Back when the Arctic Monkeys were but a twinkle in their fathers’ eyes, back when Jarvis Cocker was just a local eccentric teenager and back even before Phil Oakey asked two teenage girls if they wanted to be in his band, there was only one group which defined Sheffield music.
Def Leppard spearheaded the so-called New Wave Of British Heavy Metal in the late ’70s, and to this day can proudly claim to be one of just five bands who have released two separate original 10 million plus selling albums in the USA. Despite this though, they’re probably still best known as ‘that band with the one armed drummer’.
Yeah! is that most risky of projects, the covers album. Many bands have tried this, and few have been totally successful, with Duran Duran being possibly the most high profile casualty with the truly appalling Thank You a few years back. The idea behind Yeah! is that the band re-record songs that they grew up to listening to and inspired them as a teenager.
It’s a tricky proposition, as the band are obviously going to feel loyal towards the songs and not change them too much – which rather destroys the point of a cover version. The best covers are those which breathe new life into a song, and sadly Leppard treat the renditions here with a bit too much respect.
Of the songs selected here, they’re all pretty much classics that anyone with a vague interest in rock will be familiar with. Yet while numbers such as Stay With Me by The Faces and Thin Lizzy‘s Don’t Believe A Word are to be expected, there’s also a few surprises included here. Would anyone expect thost most quintessential of big haired British rockers to be fans of David Essex?
It’s these more surprising tracks that work better here. Essex seems to be going through something of a critical reappraisal these days, with an appearance on Saint Etienne‘s most recent album still fresh in the memory, and it has to be said that Rock On is a great song. Def Leppard’s version is pretty special too, starting off very subtle and synth led, before exploding into a veritable feast of riff hungry guitars by the end of the song.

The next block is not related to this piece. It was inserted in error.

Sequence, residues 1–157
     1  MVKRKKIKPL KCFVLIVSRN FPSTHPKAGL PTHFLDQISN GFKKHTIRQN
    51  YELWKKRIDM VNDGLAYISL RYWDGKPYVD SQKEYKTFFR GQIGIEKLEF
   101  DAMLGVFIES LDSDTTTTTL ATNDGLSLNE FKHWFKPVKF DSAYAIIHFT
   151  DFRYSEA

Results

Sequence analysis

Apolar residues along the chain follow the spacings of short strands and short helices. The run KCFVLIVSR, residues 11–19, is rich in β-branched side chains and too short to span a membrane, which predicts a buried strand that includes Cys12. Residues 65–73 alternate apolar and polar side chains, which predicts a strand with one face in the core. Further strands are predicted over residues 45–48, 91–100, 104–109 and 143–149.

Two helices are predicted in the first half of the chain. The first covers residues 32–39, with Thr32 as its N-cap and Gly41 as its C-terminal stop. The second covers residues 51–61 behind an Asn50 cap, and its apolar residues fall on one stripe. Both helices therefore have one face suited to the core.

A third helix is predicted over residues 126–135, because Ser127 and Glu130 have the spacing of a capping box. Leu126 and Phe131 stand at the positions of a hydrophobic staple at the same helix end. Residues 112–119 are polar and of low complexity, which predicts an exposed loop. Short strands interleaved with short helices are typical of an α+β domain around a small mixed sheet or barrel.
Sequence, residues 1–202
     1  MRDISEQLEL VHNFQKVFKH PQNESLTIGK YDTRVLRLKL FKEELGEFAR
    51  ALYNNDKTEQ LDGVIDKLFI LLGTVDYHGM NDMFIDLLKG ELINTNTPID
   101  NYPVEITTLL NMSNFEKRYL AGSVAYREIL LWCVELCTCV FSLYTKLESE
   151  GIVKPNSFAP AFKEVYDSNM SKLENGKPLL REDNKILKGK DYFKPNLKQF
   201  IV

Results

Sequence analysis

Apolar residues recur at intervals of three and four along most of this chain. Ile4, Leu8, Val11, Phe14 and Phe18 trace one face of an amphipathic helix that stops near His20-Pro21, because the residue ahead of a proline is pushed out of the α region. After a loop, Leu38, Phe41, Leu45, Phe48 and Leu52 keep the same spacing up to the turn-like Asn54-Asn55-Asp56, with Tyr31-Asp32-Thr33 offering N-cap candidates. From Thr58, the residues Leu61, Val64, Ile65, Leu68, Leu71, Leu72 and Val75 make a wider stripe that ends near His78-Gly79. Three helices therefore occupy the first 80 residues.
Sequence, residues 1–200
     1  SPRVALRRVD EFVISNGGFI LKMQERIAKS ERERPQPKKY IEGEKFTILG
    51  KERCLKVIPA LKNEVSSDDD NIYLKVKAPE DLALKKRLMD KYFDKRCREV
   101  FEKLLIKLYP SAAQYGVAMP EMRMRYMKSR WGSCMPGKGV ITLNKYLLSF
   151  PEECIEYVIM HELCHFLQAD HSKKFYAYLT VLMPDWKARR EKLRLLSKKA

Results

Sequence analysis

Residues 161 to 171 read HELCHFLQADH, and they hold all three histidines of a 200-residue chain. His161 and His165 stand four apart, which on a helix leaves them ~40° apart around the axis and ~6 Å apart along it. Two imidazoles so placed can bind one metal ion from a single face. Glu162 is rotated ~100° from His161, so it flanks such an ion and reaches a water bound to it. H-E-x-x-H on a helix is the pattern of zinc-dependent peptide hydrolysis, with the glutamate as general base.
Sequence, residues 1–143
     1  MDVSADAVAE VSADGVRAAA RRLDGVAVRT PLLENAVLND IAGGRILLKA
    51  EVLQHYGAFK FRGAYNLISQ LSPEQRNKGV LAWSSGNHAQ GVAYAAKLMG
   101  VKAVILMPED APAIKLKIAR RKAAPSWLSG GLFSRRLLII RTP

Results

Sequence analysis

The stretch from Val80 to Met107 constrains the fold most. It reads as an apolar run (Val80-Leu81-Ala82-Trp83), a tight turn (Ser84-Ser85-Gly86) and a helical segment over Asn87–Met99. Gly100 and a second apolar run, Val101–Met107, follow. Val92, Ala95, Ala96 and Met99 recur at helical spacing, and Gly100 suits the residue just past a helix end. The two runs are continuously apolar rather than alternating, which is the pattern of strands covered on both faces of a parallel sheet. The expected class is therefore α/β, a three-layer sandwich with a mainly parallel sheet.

Another high point is John Kongos‘ He’s Gonna Step On You Again. Although the Happy Mondays version is the one that most people these days know, Leppard’s version is rather brilliant, featuring a superb lolloping drum beat and a glorious guitar loop. The Mondays version probably remains the definitive cover, but the energy here is palapable.
Other moments aren’t as successful however. Don’t Believe A Word is almost a carbon copy of the Thin Lizzy original, right down to Joe Elliott’s Phil Lynot vocal impression, rendering the song rather pointless. 20th Century Boy is similarly faithfully adhered to, leaving the listener wondering why on earth they don’t judge dig out the original versions.
Worse is to come though, with a appallingly heavy handed rendition of one of the greatest songs ever written, Ray Davies‘ Waterloo Sunset. Featuring a somewhat misplaced squiggly guitar solo blaring all the way through the song and Elliott singing the song like a soft-rock power ballad, it’s quite, quite horrible.
Hanging On The Telephone (originally by The Nerves, but made famous by Blondie of course) is similarly massacred, but at least here there’s a morbid kind of fascination in listening to how badly a great song can be performed. Most times during the album, it’s like a full band karaoke session as old standards such as Bowie‘s Drive In Saturday or Free‘s Little Bit Of Love are wheeled out and the effect is mediocre at best.
Like most covers album, Yeah! has its moments, but while the band steer admirably clear of any self-indulgent moments, the overall feeling hanging over the whole project is ‘why bother’. These are universally great songs, but Def Leppard, for the most part, fail to breathe any new life into them.